As is customary on today’s feast of St. Francis de Sales, the Holy See publishes Pope Benedict’s annual Message for World Communications Day (here with a link to the Pontifical Council for Social Communications’ new website). This time around, the Holy Father once again speaks about social media and communications, but with the main emphasis on silence. A scarce commodity in modern society, to be sure, silence is here presented is one of two essential elements of communication, next to the word. Where words are spoken, someone else usually listens. Silence also allows for reflection;
“in its absence, words rich in content cannot exist. In silence, we are better able to listen to and understand ourselves; ideas come to birth and acquire depth; we understand with greater clarity what it is we want to say and what we expect from others; and we choose how to express ourselves. By remaining silent we allow the other person to speak, to express him or herself; and we avoid being tied simply to our own words and ideas without them being adequately tested. In this way, space is created for mutual listening, and deeper human relationships become possible.”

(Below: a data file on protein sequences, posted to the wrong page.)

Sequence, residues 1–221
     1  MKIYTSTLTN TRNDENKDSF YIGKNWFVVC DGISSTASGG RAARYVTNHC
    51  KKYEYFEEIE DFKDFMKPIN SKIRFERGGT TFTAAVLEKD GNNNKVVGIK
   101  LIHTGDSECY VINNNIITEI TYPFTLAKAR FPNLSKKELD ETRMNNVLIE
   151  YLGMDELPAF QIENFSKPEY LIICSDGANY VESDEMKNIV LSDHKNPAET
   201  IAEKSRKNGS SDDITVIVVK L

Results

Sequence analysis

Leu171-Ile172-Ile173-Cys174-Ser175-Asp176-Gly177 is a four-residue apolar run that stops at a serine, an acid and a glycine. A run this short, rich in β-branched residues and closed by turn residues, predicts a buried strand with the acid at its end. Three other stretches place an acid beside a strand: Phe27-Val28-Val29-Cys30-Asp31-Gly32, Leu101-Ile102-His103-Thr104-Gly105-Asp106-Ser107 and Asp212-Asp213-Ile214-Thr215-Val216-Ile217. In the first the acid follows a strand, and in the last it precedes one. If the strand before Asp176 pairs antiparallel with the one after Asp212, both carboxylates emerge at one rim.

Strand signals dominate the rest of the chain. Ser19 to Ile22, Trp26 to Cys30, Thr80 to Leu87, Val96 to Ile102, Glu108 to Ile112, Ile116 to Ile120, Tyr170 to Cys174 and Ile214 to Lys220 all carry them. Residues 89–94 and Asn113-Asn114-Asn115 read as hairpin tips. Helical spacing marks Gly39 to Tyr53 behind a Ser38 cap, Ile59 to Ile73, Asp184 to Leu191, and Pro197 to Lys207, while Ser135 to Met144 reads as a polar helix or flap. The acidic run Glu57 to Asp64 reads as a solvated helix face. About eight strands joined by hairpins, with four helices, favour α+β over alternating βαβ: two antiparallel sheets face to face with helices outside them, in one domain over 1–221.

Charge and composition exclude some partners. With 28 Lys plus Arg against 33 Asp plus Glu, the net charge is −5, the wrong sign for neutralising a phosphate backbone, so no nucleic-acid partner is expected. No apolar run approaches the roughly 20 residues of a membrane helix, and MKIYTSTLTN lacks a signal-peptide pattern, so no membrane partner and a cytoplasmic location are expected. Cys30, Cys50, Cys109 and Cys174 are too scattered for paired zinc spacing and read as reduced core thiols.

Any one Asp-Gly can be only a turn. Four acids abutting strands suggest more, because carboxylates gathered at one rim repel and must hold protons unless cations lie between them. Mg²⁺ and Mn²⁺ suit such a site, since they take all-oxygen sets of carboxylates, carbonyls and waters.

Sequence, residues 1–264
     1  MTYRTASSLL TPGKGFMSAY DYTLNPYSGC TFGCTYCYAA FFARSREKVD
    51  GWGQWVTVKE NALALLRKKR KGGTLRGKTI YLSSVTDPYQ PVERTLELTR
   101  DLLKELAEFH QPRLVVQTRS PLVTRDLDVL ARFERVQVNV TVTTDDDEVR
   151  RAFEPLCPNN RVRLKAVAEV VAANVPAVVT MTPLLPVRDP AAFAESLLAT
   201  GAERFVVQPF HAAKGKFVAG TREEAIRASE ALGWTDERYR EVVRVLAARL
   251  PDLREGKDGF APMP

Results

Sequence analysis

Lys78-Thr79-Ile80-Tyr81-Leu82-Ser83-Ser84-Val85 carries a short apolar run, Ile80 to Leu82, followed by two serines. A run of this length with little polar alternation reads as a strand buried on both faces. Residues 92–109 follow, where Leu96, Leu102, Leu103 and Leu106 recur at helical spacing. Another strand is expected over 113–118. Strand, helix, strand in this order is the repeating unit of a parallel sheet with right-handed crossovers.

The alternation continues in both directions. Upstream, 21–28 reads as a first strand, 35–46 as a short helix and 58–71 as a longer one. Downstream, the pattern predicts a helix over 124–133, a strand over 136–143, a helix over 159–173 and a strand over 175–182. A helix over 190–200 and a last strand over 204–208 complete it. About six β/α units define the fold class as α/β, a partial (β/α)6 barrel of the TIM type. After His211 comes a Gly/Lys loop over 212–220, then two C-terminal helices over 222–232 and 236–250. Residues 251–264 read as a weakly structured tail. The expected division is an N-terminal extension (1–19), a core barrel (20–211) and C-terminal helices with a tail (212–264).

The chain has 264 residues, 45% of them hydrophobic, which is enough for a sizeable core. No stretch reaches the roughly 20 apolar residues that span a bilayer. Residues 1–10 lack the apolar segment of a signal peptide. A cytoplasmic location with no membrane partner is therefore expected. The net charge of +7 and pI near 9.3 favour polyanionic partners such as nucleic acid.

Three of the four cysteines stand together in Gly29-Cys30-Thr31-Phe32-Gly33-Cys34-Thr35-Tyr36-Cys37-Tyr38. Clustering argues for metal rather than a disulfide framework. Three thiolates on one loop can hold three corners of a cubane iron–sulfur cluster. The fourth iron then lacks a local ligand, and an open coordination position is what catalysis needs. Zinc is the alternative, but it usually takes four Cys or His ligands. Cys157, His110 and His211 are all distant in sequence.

Equally important, God also speaks to us in silence. The Holy Father beautifully describes this in the following passage:
“The eloquence of God’s love, lived to the point of the supreme gift, speaks in the silence of the Cross. After Christ’s death there is a great silence over the earth, and on Holy Saturday, when “the King sleeps … and God slept in the flesh and raised up those who were sleeping from the ages” (Office of Readings, Holy Saturday), God’s voice resounds, filled with love for humanity.”
In social media circles, much has been made about the pope’s clear reference to things like Twitter and Facebook status updates: “In concise phrases, often no longer than a verse from the Bible, profound thoughts can be communicated, as long as those taking part in the conversation do not neglect to cultivate their own inner lives.”
All in all, a worthwhile read (also in Dutch), offering proper food for thought for all of us. We all communicate, after all.